A half-mile paved trail leads to the summit. Make the obligatory trek to the lookout tower, then walk Wagon Train Trail, a 5.6-mile road bed that passes rocky clifflines with expansive views and leads deep into Brasstown’s “cloud forest,” a thick canopy of birch trees covered in white lichen.
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Mount Rogers, Virginia – Click Here for a Map and Directions
The 5,729-foot peak is blanketed with a dark evergreen forest—a crown so thick that views from the top are completely obscured. But fear not. While Rogers itself remains a stubborn green year-round, its neighboring peaks in Grayson Highlands State Park have enough blooming foliage and expansive views to keep you entertained all fall.

The View

The peak of Rogers is too dense to offer views, but the open meadows and rocky outcroppings along Wilburn Ridge in Grayson Highlands offer some of the best views in the state.

The Hike

Start with the open meadows of Massie Gap and take the Rhododendron Trail for two miles to Rhododendron Gap, where massive outcroppings overhang the vibrant colors smothering the hills and valleys below. Continue on the Appalachian Trail for another two miles to the evergreen summit of Mount Rogers.
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Spruce Knob, West Virginia – Click Here for a Map and Directions

Unlike most state high points in the Southeast, Spruce Knob has managed to maintain its rugged character. There is a lookout tower on its peak, but you won’t find a visitor’s center or shuttle ride to the top. The 4,863-foot peak is covered with rocky soil and one-sided red spruce, permanently shaped by the strong winds that whip across the slopes.
The View

The lookout tower certainly mars the otherwise pristine nature of Spruce Knob, but it’s hard to pass up the views from the concrete structure. Below the West Virginia high point, the massive Monongahela National Forest rolls away in every direction. To the east, you can see well into Virginia’s Shenandoah Valley.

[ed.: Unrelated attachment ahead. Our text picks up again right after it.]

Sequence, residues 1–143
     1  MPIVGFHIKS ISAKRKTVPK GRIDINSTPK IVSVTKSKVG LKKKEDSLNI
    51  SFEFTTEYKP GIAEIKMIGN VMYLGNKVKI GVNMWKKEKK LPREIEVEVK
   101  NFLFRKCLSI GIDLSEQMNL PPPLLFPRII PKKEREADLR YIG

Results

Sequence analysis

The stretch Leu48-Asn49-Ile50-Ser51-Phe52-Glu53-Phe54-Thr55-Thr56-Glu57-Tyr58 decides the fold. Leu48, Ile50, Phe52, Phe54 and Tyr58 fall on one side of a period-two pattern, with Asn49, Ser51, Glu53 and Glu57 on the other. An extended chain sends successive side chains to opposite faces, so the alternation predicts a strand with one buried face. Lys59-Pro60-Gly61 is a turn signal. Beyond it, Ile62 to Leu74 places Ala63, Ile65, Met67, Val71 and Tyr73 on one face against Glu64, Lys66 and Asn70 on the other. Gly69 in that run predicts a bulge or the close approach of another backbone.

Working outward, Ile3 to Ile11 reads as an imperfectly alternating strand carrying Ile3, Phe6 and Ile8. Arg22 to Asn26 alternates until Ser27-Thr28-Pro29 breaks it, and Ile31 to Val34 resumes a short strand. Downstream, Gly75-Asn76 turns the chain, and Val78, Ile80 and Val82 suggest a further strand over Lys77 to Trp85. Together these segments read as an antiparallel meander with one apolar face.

The Hike

Huckleberry Trail drops 1,000 feet from the summit of Spruce Knob to the popular Seneca Creek. Much of the 6.5-mile technical trail traverses the exposed ridgeline, offering views of the mountain ash forest below.
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Clingmans Dome, Tennessee – Click Here for a Map and Directions
Nestled inside the Great Smoky Mountains National Park along the Appalachian Trail, this 6,643-foot mountain is the most visited state high point in the U.S. But that doesn’t make the view any less spectacular. The mountain’s evergreen dome has been ravaged by air pollution and invasive insects, but younger spruce are beginning to take over the landscape on the mountain itself, while the remainder of the Smokies are covered in blooming hardwoods as far as the eye can see.

The View

Clingmans Dome is probably most famous for its funky lookout tower, which looks like a flying saucer out of “The Jetsons.” From the saucer, you can see the ridgelines of the Smoky Mountains undulate into North Carolina and Tennessee, laying a blanket of color at your feet. On unusually clear days, the view stretches for 100 miles, but thanks to the poor air quality plaguing the park, views of 20 miles or less are more common.

The Hike

Trek eight miles up the Appalachian Trail from Newfound Gap. This is a classic stretch of the A.T. that parallels the paved road to the Dome, passing over two other 6,000 footers along the way. It’s eight miles from the Newfound Gap to the Clingmans Dome lookout tower, but you’ll be rewarded with a hike through a high-elevation alpine forest with periodic views of the hardwood canopy below.